IT manager Tom White was trained as a chemist. For the technology pro, that's actually a very good thing, especially when you're in charge of IT for 100 chemists working in the largest environmental testing organization in the US.
Environmental Science Corp.'s Laboratory Sciences, also known as ESC Labs, is one of the most frequently tapped resources for environmental pollutant analysis.
Before going to work at his current position, White, who has a master's degree in chemistry, worked as a chemist for the US Defense Department. As he joined Environmental Science Corp.'s lab operation, he took an interest in the software that the chemists were using, and eventually took over responsibility for its operation. One thing lead to another. He understood intuitively how the internet was going to extend the research that chemists would have access to and provide a pathway over which the lab could deliver its results to customers.
"I had the good fortune to take over the labs' software systems in the late 80s," he recalls. He's been intrigued and happy to work on the transitions that have come along since. He thinks he's in the right place at the right time: A chemist who "can talk to and understand the needs of chemists who are in the business that we're in."
Currently, the systems that White's staff collects data from are scattered across six buildings on a 10-acre campus in Mt. Juliet, Tenn., outside Nashville. Some of the labs are identifying and analyzing the amounts of organic chemicals in air and water samples, looking for such things as pesticides, PCBs, or other hazardous materials.
As director of enterprise infrastructure, White knows the data is generated by gas chromatography mass spectrometry and other instruments, which are distributed around a campus with 100,000 square feet of buildings. The results need to be captured, uploaded to a central database, and put into reports documenting their compilation in such a way that will stand up in court.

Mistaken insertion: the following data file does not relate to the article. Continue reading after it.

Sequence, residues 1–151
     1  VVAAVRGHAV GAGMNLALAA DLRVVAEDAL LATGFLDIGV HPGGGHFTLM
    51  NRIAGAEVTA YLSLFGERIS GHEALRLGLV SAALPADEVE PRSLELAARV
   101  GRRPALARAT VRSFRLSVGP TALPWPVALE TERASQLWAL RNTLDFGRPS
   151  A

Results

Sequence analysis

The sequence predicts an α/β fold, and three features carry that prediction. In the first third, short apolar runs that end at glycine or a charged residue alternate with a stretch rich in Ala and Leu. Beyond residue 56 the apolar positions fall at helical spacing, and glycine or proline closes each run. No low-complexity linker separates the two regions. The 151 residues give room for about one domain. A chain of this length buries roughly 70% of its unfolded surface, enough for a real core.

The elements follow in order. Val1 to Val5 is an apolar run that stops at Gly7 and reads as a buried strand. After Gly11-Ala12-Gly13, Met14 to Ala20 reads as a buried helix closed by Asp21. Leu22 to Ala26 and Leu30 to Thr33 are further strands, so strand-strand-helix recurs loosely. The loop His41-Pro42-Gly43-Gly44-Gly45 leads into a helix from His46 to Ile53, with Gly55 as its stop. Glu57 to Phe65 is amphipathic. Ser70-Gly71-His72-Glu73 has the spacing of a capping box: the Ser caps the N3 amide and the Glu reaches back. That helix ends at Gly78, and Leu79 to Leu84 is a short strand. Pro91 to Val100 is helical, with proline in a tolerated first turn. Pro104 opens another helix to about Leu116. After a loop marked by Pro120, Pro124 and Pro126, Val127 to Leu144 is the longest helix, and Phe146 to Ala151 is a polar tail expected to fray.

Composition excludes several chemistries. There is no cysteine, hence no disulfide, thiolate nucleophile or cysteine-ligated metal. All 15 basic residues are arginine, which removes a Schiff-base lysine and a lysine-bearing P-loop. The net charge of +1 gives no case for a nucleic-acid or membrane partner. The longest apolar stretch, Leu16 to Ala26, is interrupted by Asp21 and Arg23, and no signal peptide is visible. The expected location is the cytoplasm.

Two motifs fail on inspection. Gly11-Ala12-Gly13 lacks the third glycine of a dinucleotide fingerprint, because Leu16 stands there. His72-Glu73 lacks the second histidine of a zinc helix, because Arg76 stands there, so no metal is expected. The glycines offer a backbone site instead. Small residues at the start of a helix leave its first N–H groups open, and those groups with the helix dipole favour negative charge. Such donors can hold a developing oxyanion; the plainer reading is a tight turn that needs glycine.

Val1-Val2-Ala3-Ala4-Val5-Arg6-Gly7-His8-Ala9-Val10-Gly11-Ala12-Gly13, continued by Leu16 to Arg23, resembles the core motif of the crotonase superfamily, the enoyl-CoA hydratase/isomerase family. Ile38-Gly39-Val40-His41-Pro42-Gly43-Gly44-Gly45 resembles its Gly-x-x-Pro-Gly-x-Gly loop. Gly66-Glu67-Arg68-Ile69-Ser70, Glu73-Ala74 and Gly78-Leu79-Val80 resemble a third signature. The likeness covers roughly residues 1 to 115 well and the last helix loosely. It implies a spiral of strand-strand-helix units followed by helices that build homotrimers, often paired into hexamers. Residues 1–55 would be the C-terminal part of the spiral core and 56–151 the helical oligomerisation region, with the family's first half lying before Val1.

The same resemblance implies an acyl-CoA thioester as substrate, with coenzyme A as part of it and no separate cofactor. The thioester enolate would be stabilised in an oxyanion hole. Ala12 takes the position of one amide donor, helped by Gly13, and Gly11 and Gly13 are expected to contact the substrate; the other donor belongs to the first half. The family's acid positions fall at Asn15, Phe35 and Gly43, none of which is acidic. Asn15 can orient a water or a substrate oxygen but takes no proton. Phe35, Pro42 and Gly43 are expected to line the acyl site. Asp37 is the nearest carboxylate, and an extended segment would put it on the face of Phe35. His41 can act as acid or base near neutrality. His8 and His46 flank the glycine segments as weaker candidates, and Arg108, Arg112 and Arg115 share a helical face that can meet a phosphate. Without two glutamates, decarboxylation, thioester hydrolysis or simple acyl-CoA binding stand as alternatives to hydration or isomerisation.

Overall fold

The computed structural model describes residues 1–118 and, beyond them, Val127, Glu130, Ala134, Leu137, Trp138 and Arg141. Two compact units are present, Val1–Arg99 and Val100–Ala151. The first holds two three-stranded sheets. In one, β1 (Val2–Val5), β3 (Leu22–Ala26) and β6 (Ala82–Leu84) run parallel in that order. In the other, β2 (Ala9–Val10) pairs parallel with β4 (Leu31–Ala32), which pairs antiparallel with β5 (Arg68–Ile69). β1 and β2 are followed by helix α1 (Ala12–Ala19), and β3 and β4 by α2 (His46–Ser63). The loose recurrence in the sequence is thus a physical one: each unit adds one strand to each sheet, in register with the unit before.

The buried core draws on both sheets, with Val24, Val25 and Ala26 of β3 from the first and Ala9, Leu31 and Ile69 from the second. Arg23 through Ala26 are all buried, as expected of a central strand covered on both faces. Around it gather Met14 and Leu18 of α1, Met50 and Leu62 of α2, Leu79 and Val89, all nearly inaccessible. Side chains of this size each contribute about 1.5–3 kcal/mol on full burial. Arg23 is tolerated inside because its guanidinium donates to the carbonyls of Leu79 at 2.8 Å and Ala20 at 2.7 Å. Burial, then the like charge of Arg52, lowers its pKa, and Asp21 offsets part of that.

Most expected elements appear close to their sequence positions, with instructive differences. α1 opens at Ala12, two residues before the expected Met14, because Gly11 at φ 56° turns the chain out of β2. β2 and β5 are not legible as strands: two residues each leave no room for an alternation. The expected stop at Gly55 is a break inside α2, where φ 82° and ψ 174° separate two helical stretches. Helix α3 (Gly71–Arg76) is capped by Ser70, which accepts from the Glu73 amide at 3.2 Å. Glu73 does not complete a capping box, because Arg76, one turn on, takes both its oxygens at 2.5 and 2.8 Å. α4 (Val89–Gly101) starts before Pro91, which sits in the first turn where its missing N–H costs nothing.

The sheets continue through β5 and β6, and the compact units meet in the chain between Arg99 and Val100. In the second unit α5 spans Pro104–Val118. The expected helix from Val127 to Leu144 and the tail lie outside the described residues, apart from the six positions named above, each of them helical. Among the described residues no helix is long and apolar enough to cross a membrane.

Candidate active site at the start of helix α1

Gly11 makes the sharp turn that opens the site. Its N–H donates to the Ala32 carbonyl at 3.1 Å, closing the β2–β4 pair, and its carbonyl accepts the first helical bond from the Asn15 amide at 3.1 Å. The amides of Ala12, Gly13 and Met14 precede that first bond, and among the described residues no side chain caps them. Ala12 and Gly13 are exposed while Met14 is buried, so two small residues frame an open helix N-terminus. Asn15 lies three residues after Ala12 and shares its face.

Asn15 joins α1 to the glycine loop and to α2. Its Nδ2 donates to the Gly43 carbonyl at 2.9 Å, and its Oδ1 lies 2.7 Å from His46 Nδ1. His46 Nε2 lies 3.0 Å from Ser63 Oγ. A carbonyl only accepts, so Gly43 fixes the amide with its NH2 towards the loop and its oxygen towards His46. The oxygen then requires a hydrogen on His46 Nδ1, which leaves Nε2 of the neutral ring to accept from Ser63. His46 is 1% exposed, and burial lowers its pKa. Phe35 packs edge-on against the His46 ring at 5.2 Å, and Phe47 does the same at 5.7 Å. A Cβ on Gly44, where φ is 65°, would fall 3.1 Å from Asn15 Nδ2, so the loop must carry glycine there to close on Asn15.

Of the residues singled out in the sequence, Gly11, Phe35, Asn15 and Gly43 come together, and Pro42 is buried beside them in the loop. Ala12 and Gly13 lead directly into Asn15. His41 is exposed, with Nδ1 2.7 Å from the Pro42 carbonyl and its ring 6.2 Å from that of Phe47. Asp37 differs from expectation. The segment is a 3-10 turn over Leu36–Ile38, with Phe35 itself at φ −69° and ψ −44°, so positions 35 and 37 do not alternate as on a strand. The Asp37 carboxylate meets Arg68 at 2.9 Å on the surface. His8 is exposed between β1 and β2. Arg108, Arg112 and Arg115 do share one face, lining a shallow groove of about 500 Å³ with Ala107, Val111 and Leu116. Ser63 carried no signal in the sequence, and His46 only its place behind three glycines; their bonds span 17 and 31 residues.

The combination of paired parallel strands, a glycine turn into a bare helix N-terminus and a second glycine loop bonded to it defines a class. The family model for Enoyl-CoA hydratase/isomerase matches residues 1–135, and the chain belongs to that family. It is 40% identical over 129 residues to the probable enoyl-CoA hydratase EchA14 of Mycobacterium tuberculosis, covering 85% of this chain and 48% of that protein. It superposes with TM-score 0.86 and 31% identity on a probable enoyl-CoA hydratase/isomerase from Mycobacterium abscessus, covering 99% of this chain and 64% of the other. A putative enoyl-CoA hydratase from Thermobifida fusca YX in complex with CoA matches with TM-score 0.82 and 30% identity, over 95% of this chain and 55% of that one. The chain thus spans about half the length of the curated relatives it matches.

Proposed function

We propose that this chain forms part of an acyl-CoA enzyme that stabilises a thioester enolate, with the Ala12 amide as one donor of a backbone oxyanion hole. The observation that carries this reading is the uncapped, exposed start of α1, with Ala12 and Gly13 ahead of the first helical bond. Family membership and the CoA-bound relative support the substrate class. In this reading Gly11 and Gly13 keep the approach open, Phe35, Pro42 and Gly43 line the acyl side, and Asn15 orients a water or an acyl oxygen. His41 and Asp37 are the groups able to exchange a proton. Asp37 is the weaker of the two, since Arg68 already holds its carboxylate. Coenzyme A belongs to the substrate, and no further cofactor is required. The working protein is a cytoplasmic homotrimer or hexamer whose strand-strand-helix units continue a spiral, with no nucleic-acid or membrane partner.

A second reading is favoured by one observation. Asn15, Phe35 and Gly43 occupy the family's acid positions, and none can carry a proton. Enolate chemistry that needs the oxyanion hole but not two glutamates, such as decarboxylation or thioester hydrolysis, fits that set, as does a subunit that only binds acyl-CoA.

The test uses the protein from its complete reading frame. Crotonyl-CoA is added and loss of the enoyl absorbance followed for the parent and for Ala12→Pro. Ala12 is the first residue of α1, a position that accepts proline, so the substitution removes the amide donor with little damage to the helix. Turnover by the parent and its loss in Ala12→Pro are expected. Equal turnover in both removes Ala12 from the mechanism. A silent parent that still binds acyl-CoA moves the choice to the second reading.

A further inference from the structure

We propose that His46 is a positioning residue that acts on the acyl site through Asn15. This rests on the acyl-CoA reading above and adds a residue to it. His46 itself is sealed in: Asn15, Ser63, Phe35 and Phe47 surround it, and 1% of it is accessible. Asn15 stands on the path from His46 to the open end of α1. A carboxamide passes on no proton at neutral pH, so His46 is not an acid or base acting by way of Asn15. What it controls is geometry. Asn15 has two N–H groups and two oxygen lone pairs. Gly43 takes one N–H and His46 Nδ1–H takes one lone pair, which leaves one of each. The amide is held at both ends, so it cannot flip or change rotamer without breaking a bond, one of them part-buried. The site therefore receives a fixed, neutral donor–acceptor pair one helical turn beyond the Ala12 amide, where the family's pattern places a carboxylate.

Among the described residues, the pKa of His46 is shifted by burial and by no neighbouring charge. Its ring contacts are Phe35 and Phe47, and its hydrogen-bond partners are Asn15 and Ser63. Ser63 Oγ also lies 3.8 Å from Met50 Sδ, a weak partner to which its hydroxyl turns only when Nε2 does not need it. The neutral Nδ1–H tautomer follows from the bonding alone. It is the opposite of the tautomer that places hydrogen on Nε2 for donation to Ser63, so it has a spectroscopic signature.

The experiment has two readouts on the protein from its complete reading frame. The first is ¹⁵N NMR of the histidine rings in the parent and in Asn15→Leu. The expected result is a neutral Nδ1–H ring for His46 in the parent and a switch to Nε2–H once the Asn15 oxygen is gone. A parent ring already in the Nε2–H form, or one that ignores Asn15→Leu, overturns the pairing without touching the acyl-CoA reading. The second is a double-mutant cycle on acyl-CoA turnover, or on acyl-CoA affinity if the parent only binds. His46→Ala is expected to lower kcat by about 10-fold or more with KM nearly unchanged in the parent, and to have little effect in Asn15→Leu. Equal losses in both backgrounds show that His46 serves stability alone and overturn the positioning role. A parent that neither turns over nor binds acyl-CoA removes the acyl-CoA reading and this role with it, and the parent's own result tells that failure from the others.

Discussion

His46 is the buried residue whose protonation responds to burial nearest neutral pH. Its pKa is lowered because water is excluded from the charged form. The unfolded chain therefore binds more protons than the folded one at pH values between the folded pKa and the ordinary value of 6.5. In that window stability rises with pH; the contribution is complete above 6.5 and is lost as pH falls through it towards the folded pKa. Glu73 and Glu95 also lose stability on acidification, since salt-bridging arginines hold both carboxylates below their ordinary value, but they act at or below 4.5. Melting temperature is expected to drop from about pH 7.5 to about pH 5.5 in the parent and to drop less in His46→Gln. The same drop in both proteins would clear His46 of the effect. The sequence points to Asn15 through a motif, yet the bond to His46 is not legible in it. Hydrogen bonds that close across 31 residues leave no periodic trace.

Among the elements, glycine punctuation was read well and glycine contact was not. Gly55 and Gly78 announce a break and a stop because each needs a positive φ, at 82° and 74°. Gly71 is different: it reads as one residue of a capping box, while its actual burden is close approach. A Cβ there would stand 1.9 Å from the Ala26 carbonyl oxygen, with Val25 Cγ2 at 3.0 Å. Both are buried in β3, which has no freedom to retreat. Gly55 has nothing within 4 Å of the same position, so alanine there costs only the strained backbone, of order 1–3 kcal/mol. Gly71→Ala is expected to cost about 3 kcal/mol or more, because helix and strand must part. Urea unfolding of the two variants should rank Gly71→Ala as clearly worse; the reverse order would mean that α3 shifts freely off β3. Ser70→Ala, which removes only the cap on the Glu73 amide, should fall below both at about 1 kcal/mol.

The reports need to be delivered to the sample submitter, sometimes the US Environmental Protection Agency, as quickly as possible, said White.
"We are often involved in an emergency response to spills and their cleanup. We have to deliver our analysis in a rapid fashion," but one that's still "legally defensible for our customers," White said. Many times, the customer is a private company involved in a spill that knows time is money when it comes to responding to the situation.
An accidental release of chemicals into a source of public drinking water, for example, would place high pressure demands on the lab's test turnaround time.
The lab's ability to respond is one reason ESC Labs is the "largest single-location environmental laboratory in the US," White said. That's a mouthful but important because most labs are accredited for operation in the state where they're located or a handful of neighboring states.
ESC is certified to report results to customers in all 50 states.